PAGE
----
If I never get to heaven ...
BOSTON — I’m here, but way back there is a memory of an old dirt roadbed and a skinny kid of 12 years old, maybe 13.
The skinny kid is me.
And when I’m not milking a mean old Jersey cow at 4:30 in the morning or dragging a cotton sack around a field of misery in the middle of the afternoon, there are some rare moments of play.
The playground is that roadbed behind our small farmhouse. It is where I spend my few free hours tossing up rocks and hitting them with a broomstick. I’m pretty good at it, too.
Good enough so that my imagination leaves the old roadbed and puts me in right field at Fenway Park here in Boston, home of the Red Sox. In left field is the immortal “Splendid Splinter,” Ted Williams. We are close buddies and it is our bats that hammer the hated New York Yankees into submission on our home field.
We also beat them “Damn Yankees” at Yankee Stadium. Fact is me ‘n Ted never lost a single game to them “Damn Yankees.”
I’ve been to Boston twice before, but never in baseball season. In the gloaming on one trip, I caught a taxi to Fenway, got out, and just stood there and pulled it all in.
Seeing my beloved Red Sox in Fenway Park has been, since those summer days of way back, at the top of my bucket list.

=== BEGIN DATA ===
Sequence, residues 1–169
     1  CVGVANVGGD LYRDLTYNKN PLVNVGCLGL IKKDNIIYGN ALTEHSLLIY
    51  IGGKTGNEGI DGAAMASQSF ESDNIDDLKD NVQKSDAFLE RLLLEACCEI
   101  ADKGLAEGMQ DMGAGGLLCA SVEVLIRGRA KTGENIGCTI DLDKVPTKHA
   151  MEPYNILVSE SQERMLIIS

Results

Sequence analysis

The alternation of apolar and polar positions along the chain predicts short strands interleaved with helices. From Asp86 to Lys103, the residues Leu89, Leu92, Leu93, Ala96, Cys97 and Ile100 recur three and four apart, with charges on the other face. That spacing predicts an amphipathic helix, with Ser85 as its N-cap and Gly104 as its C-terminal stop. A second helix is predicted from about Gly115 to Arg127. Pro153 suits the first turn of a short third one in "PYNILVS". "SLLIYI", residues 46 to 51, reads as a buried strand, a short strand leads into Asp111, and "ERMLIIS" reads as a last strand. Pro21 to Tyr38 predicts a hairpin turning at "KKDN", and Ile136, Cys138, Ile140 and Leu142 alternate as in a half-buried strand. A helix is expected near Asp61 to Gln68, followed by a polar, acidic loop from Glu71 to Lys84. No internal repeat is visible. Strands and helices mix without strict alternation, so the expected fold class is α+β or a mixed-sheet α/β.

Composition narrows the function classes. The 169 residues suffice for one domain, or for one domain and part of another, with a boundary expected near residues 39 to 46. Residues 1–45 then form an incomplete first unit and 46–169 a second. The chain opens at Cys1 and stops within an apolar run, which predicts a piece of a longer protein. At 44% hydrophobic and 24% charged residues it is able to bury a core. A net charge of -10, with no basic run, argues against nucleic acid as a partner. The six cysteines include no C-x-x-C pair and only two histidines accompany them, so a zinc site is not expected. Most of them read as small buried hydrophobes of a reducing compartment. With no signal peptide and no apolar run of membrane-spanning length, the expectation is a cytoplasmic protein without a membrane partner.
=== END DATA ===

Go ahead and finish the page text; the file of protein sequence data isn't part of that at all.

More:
My Father’s Day present, Sunday, June 17, 2018, is the story behind this story.
The story is this trip to Fenway is the present from my son and now forever heir. I also have my three grandsons — Riley, Tyler, and Cody — with me. My cup runneth over.
And it is when I walk out of the tunnel behind third base and gaze at the field and the Green Monster in left that it hits me:
I may never get to heaven, but I’ve seen the Pearly Gates.
Fenway Park live takes my breath away. I’d seen Fenway over the years on TV, but in person, this is where you go on your way to the Great Beyond, sports fan or not.
In the mist of memories between the old dirt road and Fenway Park ...
It is the early 1960s and Anniston has a Youth League baseball make it to the World Series in Newburgh, N.Y.
The airlines are on strike, but I catch a train to New York City, a bus up to Newburgh, a small, upstate river town.
It is near midnight and four or five of us, just getting to Newburgh, have stopped in the Holiday Inn lounge. It is there that an old sports writer from the Newburgh paper comes by with:
“George, c’mon. I want you to meet someone.”
I follow the old sports writer through a door and into a room holding several tables and chairs. There is just one person sitting there, all alone.
It is “Mr. Williams,” my number one hero whom I first met when we both played for the Red Sox in an old abandoned dirt roadbed down in Alabama.
An introduction, and ...
“Sit down, kid, and I’ll buy you a drink.”
“Mr. Williams, I understand you hate sports writers and I are one.”
“It’s just those Boston and New York writers I don’t like. Sit down.”
Over the next two hours, I visited with an old friend and teammate I hadn’t seen since the mid 1940s. I left with the thought I’d probably never see my old teammate again, but I had two autographed baseballs from my buddy Ted.
And with a memory of having of having actually met my number one hero, the Splendid Splinter of the Boston Red Sox with whom I’d played here in Fenway Park.
With Fenway in the rear view mirror, it occurred to me that my bucket list is complete.